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Featured Advisor



Srbo Radisavljevic
Managing Principal/Investment Advisor

Edge Portfolio Management

City:Northbrook

State: IL



BIOGRAPHY:
At Edge, a low client to advisor ratio allows for personal and customized service for each individual.  Our goal is to work as a team for each client to provide not only portfolio management but wealth coordination and financial planning.  We make every effort to have frequent communication with our clients and to provide timely response to calls and emails.  I also enjoy spending time with my wife and three kids, following Chicago sports, enjoying ethnic cooking, and serving as a school board member for Norridge School District 80.

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Tax Preparation Tips for the Self-Employed

Be sure you are taking all the deductions to which you are entitled. If it relates to your business, it’s deductible. 

| BY Donald Liebenson


There are few Americans who do not dread the hassle of filing their taxes, but while it can be a headache for some, it can be an absolute migraine for those who are self-employed. There are more than 800,000 self-employed Americans, according to the Bureau of Labor Statistics. And while they can enjoy setting their own hours and take pride in being their own boss, they are also responsible for taking the tax preparation reins.

As in all things tax-related, what one doesn’t know (not to mention slipshod or incomplete recording keeping) can cost you. Here are some tax tips for the self-employed:

  • Self-employment income can include pay you receive for part-time work you perform out of your home. This could include income you earn in addition to your regular job.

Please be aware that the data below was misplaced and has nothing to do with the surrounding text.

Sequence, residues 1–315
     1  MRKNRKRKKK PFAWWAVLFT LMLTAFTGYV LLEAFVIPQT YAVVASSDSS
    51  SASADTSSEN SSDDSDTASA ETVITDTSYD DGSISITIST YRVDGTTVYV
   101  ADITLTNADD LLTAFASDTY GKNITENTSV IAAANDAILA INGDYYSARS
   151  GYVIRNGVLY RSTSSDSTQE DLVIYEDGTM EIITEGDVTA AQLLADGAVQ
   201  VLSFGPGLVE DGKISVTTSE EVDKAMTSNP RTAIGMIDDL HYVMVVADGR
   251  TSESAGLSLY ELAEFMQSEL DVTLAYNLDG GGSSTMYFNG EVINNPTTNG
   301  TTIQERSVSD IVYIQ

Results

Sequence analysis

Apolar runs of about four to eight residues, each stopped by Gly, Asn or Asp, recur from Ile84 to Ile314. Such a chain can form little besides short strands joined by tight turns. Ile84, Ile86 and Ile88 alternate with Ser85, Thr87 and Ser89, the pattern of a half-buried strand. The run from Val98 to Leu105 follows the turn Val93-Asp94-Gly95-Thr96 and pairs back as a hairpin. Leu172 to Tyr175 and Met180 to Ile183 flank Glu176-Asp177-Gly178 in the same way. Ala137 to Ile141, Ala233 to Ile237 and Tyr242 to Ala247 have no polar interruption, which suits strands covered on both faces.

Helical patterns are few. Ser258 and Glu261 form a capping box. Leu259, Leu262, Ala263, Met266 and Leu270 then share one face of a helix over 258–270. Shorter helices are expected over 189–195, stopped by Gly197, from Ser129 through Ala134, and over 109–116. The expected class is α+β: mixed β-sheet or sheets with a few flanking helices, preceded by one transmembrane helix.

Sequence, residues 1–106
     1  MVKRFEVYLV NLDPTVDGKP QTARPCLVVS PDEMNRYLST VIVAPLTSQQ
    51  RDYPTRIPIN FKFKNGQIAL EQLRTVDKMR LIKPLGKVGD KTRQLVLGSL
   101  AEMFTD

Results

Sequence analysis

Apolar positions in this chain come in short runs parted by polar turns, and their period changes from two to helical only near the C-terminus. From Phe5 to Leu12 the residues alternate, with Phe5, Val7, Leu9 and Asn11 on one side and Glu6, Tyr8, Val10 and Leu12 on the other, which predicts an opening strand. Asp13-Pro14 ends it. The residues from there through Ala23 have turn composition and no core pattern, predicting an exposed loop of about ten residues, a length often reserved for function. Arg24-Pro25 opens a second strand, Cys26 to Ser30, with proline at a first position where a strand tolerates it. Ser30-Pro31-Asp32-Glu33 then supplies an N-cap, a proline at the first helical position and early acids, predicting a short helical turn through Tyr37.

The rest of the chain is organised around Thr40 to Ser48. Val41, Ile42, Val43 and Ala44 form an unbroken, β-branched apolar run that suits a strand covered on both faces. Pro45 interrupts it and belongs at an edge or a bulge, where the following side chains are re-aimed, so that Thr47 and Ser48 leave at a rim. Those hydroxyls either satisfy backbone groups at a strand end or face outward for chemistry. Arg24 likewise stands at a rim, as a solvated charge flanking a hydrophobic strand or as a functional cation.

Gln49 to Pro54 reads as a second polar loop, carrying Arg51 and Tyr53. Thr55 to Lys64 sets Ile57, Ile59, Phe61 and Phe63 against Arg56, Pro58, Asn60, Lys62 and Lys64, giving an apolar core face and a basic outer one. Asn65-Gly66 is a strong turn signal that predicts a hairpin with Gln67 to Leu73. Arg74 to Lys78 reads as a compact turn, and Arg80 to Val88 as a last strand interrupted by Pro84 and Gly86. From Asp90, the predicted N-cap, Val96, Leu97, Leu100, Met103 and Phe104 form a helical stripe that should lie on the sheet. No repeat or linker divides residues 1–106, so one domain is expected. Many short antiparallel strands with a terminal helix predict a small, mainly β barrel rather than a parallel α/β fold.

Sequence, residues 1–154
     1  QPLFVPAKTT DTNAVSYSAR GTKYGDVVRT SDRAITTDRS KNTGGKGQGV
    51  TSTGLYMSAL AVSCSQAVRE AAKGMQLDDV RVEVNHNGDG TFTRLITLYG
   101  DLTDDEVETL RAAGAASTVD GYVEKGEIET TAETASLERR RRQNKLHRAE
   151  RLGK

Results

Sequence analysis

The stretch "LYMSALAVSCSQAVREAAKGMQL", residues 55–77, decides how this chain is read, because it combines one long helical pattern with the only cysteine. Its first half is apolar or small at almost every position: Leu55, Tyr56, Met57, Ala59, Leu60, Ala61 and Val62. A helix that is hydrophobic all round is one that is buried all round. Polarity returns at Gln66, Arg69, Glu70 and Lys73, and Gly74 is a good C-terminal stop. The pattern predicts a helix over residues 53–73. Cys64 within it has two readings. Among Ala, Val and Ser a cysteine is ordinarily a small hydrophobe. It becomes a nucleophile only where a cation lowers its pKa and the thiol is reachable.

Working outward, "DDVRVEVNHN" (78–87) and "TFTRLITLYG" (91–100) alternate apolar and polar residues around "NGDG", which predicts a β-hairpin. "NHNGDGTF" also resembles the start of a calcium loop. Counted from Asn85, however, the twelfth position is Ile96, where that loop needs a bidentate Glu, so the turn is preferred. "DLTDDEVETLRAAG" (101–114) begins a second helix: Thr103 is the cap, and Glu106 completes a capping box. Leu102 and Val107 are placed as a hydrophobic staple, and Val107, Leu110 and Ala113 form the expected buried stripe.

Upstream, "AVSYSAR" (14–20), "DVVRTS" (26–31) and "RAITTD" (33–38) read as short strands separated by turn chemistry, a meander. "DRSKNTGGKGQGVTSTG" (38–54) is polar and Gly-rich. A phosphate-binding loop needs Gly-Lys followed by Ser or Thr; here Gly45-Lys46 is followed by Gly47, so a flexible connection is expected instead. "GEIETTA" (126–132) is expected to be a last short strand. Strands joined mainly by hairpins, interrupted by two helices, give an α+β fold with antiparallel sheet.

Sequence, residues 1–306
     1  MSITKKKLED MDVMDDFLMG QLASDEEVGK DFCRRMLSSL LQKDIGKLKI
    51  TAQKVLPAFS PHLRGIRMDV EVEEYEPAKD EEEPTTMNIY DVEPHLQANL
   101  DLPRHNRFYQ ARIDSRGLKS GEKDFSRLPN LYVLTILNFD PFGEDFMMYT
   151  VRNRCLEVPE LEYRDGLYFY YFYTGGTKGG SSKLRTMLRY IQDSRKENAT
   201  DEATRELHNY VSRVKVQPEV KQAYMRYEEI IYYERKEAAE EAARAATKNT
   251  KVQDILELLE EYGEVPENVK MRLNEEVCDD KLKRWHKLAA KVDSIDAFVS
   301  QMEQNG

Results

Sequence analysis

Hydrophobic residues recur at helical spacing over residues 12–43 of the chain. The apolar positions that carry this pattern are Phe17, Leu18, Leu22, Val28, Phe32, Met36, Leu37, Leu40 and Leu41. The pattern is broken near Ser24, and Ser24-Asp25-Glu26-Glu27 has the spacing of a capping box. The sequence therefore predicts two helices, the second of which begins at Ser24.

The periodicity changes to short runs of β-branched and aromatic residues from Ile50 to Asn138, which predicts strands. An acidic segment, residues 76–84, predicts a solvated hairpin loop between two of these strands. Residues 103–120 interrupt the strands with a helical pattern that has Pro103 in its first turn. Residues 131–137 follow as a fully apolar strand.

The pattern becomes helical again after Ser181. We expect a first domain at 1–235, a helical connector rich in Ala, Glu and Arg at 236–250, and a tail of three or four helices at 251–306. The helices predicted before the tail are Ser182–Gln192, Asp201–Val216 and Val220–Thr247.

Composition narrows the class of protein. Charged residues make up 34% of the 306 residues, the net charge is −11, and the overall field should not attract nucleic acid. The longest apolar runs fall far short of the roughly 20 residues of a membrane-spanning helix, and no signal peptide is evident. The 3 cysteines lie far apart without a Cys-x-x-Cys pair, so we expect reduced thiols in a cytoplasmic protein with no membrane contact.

• You must file a Schedule C, Profit or Loss from Business or Schedule C-EZ if your expenses are less than $5,000 with your standard 1040.
  • Use Schedule SE to figure your self-employment tax, which must be paid in addition to income tax. Self-employment tax includes Social Security (12.4 percent) and Medicare taxes (2 percent).
  • People typically make estimated tax payments quarterly to pay taxes on income that is not subject to withholding. There are penalties if you fail to do so or if you underpay.
  • Be sure you are taking all the deductions to which you are entitled. If it relates to your business, it’s deductible.  Among what the IRS deems “ordinary and necessary” expenses you can claim are: mileage, gas and tolls; equipment, postage, business meals and entertainment, and subscriptions to appropriate publications.
  • If you pay cash, keep receipts. Record all transactions, including bad business debt. Putting money into a retirement plan is not only good planning for the future. It also affords a tax break if you make salary deferrals up to $18,000 this year.
  • In addition to your 401(k), you can also deduct your health insurance as well as benefits paid to employees.
  • For those to whom the process is daunting, perhaps the most welcome write off might be for tax preparation software or professional assistance.



About the Author


Donald Liebenson

dliebenson@millionairecorner.com

Donald Liebenson writes news and features for Millionaire Corner. He has been published in the Chicago Tribune, The Chicago Sun-Times, The Los Angeles Times, Fiscal Times, Entertainment Weekly, Huffington Post, and other outlets. He has also served as a marketing writer for Chicago-based Questar Entertainment and distributor Baker & Taylor.  

A graduate of the University of Southern California, he is married with a college-age son. He also writes extensively about entertainment.